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Ngan KW, Shaari S, Subramaniam T
Correspondence: Dr Ngan Kah Wai, firstname.lastname@example.org
We report a six-year-old Malay girl who presented with a right retroperitoneal tumour that measured 7.5 cm in diameter. A wide excision of the lesion was performed. The tumour was separated from a normal-appearing right kidney by a capsule. Microscopically, this well-encapsulated tumour was composed of classical triphasic components: epithelial, mesenchymal and blastemal areas. The immunohistochemical study showed WT1 expression in the blastemal area. Thus, a diagnosis of Wilms’ tumour with favourable histology was made. The patient was well for 12 months. Extrarenal Wilms’ tumour is uncommon, with the majority of cases occurring in the retroperitoneal and inguinal areas. Wilms’ tumour that is not arising from the intrarenal area but shares a common capsule with the ipsilateral kidney, is even rarer. Indeed, our case would be more appropriately classified as juxtarenal/pararenal Wilms’ tumour. Despite its rarity, an extrarenal or even juxtarenal/pararenal Wilms’ tumour should be included in the differential diagnosis of retroperitoneal tumour.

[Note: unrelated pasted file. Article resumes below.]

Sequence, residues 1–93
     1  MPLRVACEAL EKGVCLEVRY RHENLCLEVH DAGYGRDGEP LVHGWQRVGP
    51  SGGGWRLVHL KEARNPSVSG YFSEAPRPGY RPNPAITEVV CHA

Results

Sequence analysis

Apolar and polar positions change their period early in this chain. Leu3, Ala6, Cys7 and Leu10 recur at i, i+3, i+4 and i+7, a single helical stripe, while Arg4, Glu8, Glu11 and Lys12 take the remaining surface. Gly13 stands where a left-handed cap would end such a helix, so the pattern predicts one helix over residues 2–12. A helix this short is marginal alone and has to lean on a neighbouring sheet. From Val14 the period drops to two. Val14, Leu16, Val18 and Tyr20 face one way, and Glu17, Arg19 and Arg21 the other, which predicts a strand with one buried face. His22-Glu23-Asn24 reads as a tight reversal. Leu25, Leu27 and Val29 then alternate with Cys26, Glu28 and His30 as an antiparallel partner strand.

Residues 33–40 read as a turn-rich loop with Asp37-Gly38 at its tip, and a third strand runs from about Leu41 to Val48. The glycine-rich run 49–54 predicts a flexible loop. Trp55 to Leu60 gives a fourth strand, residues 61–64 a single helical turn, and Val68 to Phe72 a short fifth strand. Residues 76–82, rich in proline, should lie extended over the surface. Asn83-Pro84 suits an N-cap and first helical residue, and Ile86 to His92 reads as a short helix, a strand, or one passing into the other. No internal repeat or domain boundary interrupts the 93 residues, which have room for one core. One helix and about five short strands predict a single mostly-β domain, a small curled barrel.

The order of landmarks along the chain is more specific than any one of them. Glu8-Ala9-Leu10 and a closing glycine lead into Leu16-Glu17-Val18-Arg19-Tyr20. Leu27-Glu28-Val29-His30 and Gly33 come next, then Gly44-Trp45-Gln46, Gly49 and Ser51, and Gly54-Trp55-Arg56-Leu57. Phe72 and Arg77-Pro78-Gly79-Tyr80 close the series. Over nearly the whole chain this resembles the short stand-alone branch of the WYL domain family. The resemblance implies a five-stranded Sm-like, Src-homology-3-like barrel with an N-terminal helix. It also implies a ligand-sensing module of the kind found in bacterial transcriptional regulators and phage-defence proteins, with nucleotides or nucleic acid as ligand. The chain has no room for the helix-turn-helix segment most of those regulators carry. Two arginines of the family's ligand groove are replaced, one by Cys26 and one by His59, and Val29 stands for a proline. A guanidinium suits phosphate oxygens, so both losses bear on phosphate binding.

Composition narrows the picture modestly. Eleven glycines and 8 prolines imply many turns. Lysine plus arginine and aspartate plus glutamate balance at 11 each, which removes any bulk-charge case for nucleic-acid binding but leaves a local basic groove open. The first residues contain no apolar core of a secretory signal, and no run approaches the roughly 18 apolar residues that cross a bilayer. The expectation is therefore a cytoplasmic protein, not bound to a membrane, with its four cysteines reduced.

Keywords: extrarenal Wilms’ tumour, juxtarenal Wilms’ tumour, pararenal Wilms’ tumour, retroperitoneal tumour, Wilms’ tumour
Singapore Med J 2009; 50(9): e329-e331